Ken Yeung is a reporter for The Next Web based in San Francisco, CA. He carries around a big camera & likes to write about tech, startup Ken Yeung is a reporter for The Next Web based in San Francisco, CA. He carries around a big camera & likes to write about tech, startups, parties, and interesting people. Follow him on Twitter, on Facebook, and Google+.
Netflix will be launching its social sharing features in the United States next year, according to Talking Points Memo. The only thing that’s required right now is President Obama’s signature on an update to the Video Privacy Protection Act. Once enacted, video services like Netflix will be able to share customer video activity on social networks like Facebook and Twitter — with informed, written consent, of course.
While social sharing is currently available outside the United States, it’s actually illegal to do so here. Why? The law requires a customer’s consent in order for the information to be shared anywhere. It was first introduced in 1988 and signed by then-President Reagan. It’s intent was to prevent the “wrongful disclosure of video tape rental or sale records [or other similar audieo visual materials, to cover items such as video games and the future DVD format].”
The power of this law was tested against Blockbuster in 2008 when a class action lawsuit was filed against the company over its release of customer rental and sales records to Facebook. Netflix was also a target of a lawsuit alleging it violated this law with the release of data for Netflix Prize, a competition designed to create a better algorithm to predict user ratings for films.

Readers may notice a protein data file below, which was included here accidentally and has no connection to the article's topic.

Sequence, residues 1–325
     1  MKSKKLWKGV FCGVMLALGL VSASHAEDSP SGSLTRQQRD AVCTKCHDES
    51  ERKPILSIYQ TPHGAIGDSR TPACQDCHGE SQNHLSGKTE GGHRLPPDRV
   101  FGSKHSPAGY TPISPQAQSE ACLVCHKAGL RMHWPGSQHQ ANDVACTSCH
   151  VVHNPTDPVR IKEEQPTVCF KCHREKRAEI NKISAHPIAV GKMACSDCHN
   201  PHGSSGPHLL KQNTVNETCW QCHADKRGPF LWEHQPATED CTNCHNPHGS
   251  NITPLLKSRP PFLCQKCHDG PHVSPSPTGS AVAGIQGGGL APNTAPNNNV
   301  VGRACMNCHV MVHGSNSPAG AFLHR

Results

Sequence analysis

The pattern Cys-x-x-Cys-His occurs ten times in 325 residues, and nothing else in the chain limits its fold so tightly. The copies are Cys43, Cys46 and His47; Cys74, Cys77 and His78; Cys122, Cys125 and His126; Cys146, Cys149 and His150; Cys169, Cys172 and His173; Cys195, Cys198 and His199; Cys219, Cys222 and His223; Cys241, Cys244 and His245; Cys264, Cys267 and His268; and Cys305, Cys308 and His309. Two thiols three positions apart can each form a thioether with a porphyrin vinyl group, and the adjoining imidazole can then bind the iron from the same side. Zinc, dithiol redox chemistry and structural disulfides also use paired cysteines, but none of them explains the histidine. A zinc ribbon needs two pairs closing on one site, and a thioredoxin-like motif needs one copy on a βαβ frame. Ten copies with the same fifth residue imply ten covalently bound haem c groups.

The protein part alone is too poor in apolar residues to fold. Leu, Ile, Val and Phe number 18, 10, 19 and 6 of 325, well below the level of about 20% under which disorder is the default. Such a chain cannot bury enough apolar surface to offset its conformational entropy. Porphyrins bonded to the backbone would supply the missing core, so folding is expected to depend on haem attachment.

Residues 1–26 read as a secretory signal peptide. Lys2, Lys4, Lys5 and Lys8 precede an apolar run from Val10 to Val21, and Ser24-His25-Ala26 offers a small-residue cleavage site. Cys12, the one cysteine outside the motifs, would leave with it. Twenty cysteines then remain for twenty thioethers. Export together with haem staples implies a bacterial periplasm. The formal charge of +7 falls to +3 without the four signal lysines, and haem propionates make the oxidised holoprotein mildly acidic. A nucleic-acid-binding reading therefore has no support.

With the passage of an amendment to the 1988 law, companies like Netflix can share data through social media. It has passed through both chambers of the United States Congress and has gone to President Obama for his signature.
A Netflix spokesperson said in a statement that, “We are pleased that the Senate moved so quickly after the House. We plan to introduce social features for our US members in 2013, after the president signs it.”
After being enacted, video companies like Hulu, Netflix, Amazon, Vudu, and Blockbuster, will now be able to share user data without fear of being sued, at least because it violated the Video Privacy Protection Act. Right now, Hulu, which introduced social sharing in 2011, and others are battling it out in court over claims it violated a statute in the law, but with Obama’s signature, those cases could soon be dismissed.
Talking Points Memo points out that the updated law will force companies to obtain “informed, written consent” in order to share their information. It points out that it can be done through Internet forms and also allows customers to “withdraw consent from sharing their viewed video records or recommendations at any time, entirely or ‘case-by-case’, that is video-by-video.”
Photo credit: Justin Sullivan/Getty Images
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